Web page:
My post about getting things done sparked a lively interest and a bit of controversy. One of the careful readers of this site sent me a link to an article about clutter causing stress, particularly in women.
The article was on the HouseLogic site which is devoted to helping people organize and de-clutter their house.
Which made me wonder…
But the lede for the article certainly caught my attention.
New study shows a link between depression and the amount of stuff in your home.
Good stuff, I thought.
But I was intrigued that I didn’t know anything about these research findings. And besides, the first patient I shared this with expressed considerable skepticism.
So I went off in search of the science.
The article is based on research conducted at the UCLA Center on Lives of Everyday Families, and it references a book that describes a multidisciplinary study of the homes of a number of families.
Life at Home in The Twenty-First Century is the book, although I have to admit I have not read it.
However I did find on the Center website a reference to the article which appeared to be the basis of this statement.
“No Place Like Home: Home Tours Correlate With Daily Patterns of Mood and Cortisol” describes the study and the finding. The researchers asked men and women to describe their homes and then did a linguistic analysis to see how often people talked about their home in terms of “clutter” and “things left undone” as opposed to descriptors that focused on feeling relaxed and serene at home. They found that women, but not men, who talked about their homes in terms of clutter or projects left undone, had a pattern of cortisol variation (a loss of the normal peak of cortisol in the morning and then the trough late at night, in other words a loss of the normal daily cycle of cortisol and perhaps a a relatively constant somewhat high level) that was compatible with stress and that predicted an increased risk of depression.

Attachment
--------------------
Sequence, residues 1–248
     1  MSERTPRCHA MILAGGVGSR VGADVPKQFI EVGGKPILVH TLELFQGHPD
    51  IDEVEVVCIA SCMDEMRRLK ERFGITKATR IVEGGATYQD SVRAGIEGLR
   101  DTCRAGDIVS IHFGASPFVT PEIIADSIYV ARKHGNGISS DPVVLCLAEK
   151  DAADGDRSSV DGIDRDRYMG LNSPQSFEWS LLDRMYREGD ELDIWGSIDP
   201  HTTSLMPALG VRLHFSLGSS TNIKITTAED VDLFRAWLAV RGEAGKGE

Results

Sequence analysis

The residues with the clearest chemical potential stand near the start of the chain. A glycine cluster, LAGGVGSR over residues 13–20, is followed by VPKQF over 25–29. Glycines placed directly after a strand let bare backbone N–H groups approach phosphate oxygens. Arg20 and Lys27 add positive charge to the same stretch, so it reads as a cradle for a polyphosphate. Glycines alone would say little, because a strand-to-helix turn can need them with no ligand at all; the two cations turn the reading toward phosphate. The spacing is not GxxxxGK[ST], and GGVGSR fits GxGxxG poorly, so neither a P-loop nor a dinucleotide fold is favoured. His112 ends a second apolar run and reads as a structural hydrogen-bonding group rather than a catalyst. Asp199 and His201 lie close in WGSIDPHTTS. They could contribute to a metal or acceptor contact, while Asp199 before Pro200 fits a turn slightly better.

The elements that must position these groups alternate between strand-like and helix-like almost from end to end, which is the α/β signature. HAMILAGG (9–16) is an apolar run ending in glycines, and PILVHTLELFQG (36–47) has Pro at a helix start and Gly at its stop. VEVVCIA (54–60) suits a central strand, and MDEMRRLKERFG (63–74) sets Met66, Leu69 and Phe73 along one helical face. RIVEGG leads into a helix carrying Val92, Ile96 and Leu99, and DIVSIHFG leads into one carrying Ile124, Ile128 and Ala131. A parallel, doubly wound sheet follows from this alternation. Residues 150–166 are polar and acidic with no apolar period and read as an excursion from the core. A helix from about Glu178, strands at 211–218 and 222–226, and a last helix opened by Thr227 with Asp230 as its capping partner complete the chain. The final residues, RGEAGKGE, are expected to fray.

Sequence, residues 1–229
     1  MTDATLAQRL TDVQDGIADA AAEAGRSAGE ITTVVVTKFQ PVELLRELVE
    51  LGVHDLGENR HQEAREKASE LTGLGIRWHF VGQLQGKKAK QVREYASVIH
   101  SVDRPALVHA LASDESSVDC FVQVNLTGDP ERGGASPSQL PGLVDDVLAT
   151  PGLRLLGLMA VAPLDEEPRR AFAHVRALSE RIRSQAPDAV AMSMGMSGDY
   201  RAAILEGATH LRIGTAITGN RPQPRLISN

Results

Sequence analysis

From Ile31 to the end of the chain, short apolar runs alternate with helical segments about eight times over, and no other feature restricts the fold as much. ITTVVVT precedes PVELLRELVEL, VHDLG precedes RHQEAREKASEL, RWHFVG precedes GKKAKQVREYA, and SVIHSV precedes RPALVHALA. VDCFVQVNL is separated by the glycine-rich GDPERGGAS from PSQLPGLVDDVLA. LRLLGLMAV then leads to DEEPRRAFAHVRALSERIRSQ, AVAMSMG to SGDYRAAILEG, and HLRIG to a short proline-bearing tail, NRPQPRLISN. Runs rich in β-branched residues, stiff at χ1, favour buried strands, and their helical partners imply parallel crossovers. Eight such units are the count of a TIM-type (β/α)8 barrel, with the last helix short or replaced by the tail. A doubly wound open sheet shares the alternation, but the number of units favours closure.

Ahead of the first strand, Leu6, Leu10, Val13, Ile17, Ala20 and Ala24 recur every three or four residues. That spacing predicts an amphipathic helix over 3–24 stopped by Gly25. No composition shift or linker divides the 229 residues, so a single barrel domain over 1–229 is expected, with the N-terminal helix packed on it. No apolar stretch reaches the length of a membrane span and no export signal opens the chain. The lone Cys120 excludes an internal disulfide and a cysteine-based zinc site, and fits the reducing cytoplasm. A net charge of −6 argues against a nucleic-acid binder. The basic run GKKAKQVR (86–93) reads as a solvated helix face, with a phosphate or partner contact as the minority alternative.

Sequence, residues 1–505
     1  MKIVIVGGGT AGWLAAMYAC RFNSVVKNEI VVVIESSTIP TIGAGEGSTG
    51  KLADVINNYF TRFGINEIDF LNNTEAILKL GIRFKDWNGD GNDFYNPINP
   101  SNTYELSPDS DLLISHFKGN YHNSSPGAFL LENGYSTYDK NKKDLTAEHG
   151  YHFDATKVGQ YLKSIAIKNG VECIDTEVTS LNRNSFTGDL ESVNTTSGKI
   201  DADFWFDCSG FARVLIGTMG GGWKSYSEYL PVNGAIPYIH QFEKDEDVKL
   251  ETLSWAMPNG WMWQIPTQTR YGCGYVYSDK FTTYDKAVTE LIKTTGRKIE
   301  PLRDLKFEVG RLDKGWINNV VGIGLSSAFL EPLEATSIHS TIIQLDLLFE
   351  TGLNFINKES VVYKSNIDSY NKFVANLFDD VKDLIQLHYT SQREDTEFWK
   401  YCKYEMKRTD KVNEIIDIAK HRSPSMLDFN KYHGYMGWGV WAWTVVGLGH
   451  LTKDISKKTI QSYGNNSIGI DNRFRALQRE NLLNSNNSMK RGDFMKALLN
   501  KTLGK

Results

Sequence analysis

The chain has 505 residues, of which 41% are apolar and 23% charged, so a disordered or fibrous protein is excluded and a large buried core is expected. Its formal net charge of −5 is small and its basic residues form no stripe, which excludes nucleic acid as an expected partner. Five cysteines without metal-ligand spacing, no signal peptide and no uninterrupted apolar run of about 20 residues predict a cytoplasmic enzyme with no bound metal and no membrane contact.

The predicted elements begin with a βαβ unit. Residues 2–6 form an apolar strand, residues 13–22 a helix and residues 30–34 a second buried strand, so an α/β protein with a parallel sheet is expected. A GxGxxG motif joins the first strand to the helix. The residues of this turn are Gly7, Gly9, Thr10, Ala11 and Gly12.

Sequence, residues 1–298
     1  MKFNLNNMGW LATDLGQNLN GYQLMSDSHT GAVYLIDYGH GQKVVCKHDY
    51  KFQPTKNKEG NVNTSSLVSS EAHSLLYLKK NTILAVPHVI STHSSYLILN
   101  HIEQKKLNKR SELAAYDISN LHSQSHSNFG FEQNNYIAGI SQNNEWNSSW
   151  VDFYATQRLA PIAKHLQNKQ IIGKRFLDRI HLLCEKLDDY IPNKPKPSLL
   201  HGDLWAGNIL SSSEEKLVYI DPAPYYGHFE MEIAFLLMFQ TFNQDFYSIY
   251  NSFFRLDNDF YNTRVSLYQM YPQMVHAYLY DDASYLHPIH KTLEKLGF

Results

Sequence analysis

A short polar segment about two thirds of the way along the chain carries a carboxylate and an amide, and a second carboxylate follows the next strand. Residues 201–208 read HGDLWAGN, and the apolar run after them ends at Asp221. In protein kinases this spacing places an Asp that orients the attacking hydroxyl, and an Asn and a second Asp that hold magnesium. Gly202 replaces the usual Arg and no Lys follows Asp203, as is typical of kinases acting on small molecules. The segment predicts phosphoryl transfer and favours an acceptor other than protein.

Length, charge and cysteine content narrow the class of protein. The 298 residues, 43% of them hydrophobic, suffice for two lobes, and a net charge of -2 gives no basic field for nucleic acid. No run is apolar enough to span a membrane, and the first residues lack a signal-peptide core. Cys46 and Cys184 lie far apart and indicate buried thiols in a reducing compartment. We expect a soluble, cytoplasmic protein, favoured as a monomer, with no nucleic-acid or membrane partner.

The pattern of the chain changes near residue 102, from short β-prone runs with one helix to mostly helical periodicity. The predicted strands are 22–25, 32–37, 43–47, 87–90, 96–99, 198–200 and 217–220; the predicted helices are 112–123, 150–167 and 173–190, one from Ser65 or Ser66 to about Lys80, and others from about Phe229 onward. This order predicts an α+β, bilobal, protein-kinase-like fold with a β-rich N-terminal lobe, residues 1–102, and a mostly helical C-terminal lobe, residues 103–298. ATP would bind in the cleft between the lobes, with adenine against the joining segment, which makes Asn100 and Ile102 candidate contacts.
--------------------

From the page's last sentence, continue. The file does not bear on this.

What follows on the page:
Interesting stuff, and if you believe, as I tend to, that clutter is stressful then this supports the notion. However, the skeptic in me, instantly thought of an entirely reasonable alternative hypothesis.
The problem with this study is that it didn’t actually rate whether the homes were objectively cluttered.
So what it says is that if you think your home is cluttered and filled with things that need to be done then you’re likely to be more distressed.
The source of the stress, in other words, may be the gap between your hopes and expectations and your perception of your home. If you don’t care whether things are clutter, or if you tend not to see clutter, then perhaps you don’t feel distressed in the midst of clutter.
One could just as easily argue that the implication of this is that you should give up the struggle to make your home neat. “Don’t worry, be happy.”
Which, I believe, is exactly what my patient would say.